As a financial advisor, I constantly am hearing from prospective clients reasons why they do not want to begin to take control of their financial future. These objections take on various identities: The market has risen too high, the President and/or the Congress is clueless, corporations cannot be trusted, or the market is rigged against the little guy.
While I do not deny problems exist, I do believe there have always been problems in the world and there will continue to be problems in the world that will remain to be solved. One problem that we all hope to face is that with longer life expectancies, funding an active retirement takes a lot of planning and a lot of money. I think it is a mistake to allow events out of our control to stop us from taking the necessary steps to secure our future personal well-being. After all, this President and Congress will be a footnote to history when you’re enjoying your twentieth year of retirement.
If we step away from today’s headlines and take a look what has really happened to the quality of life over the past 150 years, the story is remarkable. As measured by GDP per capita adjusted for inflation, the average American’s standard of living has increased twenty times*! During this period, there certainly have been news events that would make you believe progress would falter, but the fact is, it has not. My own great-grandmother was born in the late 1800s and lived well into her 90s. Imagine the progress she witnessed from horse and buggy, to cars, to planes, to a man walking on the moon! How many things do we enjoy and prosper from today that did not exist even ten years ago? Do you believe humanity has stopped searching for answers and solutions to our problems? If not, why would you not want to be a participant by owning a share of the companies making these advances?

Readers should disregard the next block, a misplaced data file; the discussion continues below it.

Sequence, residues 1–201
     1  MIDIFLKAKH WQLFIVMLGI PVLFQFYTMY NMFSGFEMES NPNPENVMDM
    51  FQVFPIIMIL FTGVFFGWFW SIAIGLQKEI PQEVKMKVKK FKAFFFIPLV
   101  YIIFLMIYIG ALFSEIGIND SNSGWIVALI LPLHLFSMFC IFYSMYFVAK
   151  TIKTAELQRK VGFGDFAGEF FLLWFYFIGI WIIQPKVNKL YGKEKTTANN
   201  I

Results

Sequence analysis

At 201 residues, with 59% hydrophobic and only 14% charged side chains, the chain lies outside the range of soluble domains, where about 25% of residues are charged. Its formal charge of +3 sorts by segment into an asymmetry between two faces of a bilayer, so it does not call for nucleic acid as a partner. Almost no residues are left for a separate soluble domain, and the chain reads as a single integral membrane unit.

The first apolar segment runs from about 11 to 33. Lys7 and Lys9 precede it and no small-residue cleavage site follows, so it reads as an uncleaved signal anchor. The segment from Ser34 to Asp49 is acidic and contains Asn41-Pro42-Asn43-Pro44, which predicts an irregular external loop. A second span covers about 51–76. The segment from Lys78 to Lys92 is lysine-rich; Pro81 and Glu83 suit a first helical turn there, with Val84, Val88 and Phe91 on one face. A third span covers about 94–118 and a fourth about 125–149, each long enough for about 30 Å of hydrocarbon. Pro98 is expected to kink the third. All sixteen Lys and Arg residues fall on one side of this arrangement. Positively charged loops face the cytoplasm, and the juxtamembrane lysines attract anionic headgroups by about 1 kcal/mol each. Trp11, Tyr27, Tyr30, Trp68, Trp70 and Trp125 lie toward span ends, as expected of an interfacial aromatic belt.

The real question, in my opinion, is how can we participate in the march of human progress, while insuring that market events do not threaten our financial security. My answer to that is diversification and aligning your assets up with the goals and needs that you have. As an example, if you know you need to pay for your daughter’s wedding in 18 months, you should not invest those funds in the stock market. Conversely, if you are saving for retirement that may last twenty years, you should not put it all in CDs where it is likely to grow slower than inflation. Every investment has a positive and a negative attribute and by blending them together in alignment with your personal goal, you are much more likely to obtain the financial security you seek. The market may be up or down next month or year, but it should not matter if you are diversified in alignment with your goals and you keep the long term perspective of human progress.
*Louis Johnston and Samuel H. Williamson, “What Was the U.S. GDP Then?” MeasuringWorth, 2013.
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